United States v. Rubin, No. 12-3777 (2d Cir. 2014)Annotate this Case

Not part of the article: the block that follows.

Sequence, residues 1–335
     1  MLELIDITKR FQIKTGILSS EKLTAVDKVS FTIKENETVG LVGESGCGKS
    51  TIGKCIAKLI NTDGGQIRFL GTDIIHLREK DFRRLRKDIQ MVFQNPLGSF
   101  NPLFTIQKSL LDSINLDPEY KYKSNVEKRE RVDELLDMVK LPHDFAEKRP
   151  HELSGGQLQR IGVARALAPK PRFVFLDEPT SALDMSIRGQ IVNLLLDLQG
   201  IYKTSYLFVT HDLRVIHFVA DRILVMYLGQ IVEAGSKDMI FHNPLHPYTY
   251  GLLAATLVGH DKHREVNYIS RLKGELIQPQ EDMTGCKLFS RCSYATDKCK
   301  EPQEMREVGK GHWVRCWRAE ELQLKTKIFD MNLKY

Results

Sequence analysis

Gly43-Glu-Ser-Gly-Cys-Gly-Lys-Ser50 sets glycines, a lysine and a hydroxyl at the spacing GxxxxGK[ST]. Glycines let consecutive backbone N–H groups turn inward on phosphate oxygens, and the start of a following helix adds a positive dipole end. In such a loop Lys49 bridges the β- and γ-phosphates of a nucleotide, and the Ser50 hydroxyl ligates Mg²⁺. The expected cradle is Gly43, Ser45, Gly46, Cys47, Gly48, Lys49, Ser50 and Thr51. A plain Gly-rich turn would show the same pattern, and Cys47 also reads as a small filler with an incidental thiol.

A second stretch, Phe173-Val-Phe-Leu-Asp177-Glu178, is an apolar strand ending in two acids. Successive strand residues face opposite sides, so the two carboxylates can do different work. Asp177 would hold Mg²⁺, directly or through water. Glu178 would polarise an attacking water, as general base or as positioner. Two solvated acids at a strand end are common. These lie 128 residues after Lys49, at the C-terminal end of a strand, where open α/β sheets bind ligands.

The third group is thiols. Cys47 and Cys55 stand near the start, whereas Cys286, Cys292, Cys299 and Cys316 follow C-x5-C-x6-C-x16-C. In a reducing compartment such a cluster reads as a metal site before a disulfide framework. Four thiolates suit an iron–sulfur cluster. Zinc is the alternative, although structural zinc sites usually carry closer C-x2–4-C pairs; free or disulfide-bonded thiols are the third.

Defendant was convicted of conspiracy to violate the Unlawful Internet Gambling Enforcement Act of 2006 (UIGEA), in violation of 18 U.S.C. 371 and 31 U.S.C. 5363, and other charges. The indictment alleged that three leading internet poker companies doing business in the United States violated section 5363 by deceiving United States banks and financial institutions into processing billions of dollars in payments for illegal gambling activity on their sites. The companies accomplished the alleged deception by hiring third-party payment processors, such as defendant, to disguise payments from United States gamblers as payments to hundreds of purportedly legitimate, but non-existent, online merchants and other non-gambling businesses. The court held that, in light of United States v. Cotton, the question of whether defendant's conduct constituted a conspiracy to violate the UIGEA was a non-jurisdictional challenge to the prosecution; count one of the indictment sufficiently invoked the district court's jurisdiction by alleging that defendant had committed a federal criminal offense at a stated time and place in terms of plainly tracking the language of the relevant statute; defendant's unconditional guilty plea to count one precluded his argument on appeal that he was convicted of a so-called "non-offense" under the UIGEA; and defendant's sentence was neither substantively nor procedurally unreasonable. Accordingly, the court affirmed the judgment of the district court.